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US Intelligence Community Careers: Analysis Job Descriptions
by Intelligence.gov - May 16, 2008
United States Intelligence COmmunity

The following occupations are found throughout the IC, but not necessarily at all IC member organizations.
 

Aeronautical Analyst
Aeronautical Imagery/Feature Analyst
Bathymetrist
Cartographer
Cartographic Technician
Collection Requirements Manager
Counterintelligence Analyst
Counterterrorism Analyst
Cryptanalyst
Economic Analyst
Financial Analyst
Geospatial Analyst
Geopositioning Cartographer
Imagery Analyst
Intelligence and Threat Support Analyst

Intelligence Specialist (Staff Management)
Intelligence Specialist (Foreign Material Acquisition and Exploitation)
Leadership Analyst
Marine Analyst
Medical Intelligence Analyst
Nautical Cartographic Analyst
Orbit Analyst
Political-Military Analyst
Regional Analyst
Scientific and Technical Analyst
Signals Analyst
Entry Level Professional


Aeronautical Analyst

What kinds of duties and tasks do Aeronautical Analysts typically perform?
Aeronautical Analysts collect, analyze, and evaluate aeronautical data from worldwide data and imagery sources. They convert that data into digital and graphic formats for use in supporting all phases of flight operations. Individuals use their knowledge of all phases of flight including planning, en route, and terminal. In addition, Aeronautical Analysts use computer systems and specialized software to maintain specialized databases and extract aeronautical information from imagery to support a wide variety of products. These analysts work cooperatively with their counterparts in the Federal Aviation Administration (FAA), the National Ocean Service (NOS), and many foreign aeronautical offices to provide timely, accurate data and products.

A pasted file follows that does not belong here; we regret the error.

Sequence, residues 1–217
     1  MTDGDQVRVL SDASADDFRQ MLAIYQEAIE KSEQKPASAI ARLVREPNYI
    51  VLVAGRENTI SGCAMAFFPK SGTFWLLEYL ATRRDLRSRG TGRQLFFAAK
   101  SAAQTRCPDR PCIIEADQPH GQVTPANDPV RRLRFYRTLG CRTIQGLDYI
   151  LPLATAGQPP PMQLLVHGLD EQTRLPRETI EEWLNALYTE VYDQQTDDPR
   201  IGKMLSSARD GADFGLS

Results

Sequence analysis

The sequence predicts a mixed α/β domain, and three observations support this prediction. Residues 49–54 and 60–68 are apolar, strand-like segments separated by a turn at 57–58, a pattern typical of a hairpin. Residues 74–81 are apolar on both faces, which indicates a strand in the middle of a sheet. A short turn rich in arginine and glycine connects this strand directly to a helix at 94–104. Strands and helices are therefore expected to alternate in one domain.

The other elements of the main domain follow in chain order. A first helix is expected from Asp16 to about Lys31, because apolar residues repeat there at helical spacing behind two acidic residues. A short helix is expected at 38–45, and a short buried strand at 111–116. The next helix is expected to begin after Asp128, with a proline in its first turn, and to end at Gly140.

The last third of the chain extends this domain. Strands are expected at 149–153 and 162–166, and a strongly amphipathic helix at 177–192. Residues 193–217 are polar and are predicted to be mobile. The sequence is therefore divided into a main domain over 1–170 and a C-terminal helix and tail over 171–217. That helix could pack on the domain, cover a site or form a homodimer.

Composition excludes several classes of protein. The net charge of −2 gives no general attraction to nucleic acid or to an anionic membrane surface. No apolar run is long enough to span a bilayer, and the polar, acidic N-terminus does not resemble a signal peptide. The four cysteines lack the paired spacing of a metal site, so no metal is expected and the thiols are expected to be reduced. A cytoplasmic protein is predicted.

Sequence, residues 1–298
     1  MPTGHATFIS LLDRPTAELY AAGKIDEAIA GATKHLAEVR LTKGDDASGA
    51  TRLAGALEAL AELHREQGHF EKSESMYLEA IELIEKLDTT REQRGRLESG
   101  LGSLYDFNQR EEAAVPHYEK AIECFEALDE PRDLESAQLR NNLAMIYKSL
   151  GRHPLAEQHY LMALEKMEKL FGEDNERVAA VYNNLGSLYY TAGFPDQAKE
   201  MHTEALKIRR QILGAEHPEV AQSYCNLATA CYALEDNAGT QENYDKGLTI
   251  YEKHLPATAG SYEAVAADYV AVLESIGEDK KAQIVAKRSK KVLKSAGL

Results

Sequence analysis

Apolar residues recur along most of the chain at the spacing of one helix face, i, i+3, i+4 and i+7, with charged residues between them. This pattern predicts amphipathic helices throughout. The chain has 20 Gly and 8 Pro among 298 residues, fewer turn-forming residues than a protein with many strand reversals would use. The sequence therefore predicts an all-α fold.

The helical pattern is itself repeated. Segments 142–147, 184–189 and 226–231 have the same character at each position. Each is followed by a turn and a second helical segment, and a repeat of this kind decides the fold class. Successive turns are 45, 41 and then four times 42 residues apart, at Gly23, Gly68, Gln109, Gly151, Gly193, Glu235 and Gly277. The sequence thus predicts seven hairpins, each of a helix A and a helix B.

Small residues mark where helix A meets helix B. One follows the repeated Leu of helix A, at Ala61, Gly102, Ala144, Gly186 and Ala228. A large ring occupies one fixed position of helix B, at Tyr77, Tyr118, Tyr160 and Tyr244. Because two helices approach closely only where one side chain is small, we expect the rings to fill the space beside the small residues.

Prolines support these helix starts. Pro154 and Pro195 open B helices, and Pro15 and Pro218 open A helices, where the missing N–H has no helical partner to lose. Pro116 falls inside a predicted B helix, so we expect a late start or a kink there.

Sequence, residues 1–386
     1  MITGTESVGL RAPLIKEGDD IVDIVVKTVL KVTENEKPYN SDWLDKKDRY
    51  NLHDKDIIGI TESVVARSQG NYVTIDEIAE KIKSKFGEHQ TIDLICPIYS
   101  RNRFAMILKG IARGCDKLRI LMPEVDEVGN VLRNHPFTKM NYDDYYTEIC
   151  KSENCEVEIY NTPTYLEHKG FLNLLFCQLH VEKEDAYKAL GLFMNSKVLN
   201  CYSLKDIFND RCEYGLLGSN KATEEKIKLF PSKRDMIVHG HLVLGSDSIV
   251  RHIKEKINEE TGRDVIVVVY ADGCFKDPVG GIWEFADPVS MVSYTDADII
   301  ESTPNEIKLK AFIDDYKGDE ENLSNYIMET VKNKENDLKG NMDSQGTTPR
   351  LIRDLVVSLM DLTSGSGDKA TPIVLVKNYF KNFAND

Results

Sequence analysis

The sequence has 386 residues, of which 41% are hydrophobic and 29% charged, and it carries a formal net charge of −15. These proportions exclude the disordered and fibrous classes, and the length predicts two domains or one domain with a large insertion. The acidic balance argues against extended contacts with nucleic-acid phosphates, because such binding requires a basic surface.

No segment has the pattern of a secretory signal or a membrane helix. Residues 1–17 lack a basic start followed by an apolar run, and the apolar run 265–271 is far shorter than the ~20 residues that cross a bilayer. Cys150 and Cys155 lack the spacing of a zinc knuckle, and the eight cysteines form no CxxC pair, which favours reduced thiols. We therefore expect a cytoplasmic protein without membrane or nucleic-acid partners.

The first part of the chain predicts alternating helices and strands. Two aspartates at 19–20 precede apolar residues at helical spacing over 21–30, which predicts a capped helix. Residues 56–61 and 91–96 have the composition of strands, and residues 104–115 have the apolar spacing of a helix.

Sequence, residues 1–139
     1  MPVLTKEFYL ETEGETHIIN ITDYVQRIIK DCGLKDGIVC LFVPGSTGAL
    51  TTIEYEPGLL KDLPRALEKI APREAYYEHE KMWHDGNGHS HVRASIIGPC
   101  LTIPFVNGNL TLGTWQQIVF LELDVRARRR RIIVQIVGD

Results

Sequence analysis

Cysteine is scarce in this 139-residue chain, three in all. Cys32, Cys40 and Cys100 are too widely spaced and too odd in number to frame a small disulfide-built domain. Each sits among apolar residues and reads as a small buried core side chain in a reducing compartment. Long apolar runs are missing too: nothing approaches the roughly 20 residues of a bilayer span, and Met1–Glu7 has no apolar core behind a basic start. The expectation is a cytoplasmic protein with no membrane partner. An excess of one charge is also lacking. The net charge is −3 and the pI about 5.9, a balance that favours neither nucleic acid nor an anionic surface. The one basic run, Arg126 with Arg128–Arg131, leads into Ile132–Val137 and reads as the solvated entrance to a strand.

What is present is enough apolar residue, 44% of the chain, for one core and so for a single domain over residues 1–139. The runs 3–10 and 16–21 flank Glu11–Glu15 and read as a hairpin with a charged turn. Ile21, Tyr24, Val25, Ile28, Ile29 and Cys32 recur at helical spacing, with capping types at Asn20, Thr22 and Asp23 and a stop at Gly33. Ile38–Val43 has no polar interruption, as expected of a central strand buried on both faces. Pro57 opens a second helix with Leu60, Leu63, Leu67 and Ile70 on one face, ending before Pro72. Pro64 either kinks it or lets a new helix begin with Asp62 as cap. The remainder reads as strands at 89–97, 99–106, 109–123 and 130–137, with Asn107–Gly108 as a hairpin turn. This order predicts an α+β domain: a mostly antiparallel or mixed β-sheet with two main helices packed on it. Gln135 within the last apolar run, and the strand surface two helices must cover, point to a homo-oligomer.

What kinds of skills and knowledge do Aeronautical Analysts typically need to do their work?
Aeronautical Analysts typically possess general knowledge of engineering and technology, physics, mathematics, English language, administration and management, and design. More specific knowledge areas include aeronautical science, cultural area studies, cartography, computer science, earth science, geography, intelligence analysis, international affairs, and intelligence collection. General skill areas include mathematics, science, active learning, technology design, reading comprehension, quality control analysis, critical thinking, operations analysis, coordination, and writing. Specific skills include production problem solving, data and statistical analysis, predictive intelligence judgments, imagery analysis and exploitation, and scanning and digitizing. For a complete description of skill and knowledge requirements, please review the job vacancy announcements posted on Community members' websites.

What kinds of education, licenses, and certifications are typically required to work as an Aeronautical Analyst?
Intelligence Community agencies typically prefer applicants for Aeronautical Analyst positions to have at least a Bachelor's degree. Aeronautical Analysts often have backgrounds as military or civilian pilots, navigators, and air traffic controllers.

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Aeronautical Imagery/Feature Analyst

What kinds of duties and tasks do Aeronautical Imagery/Feature Analysts typically perform?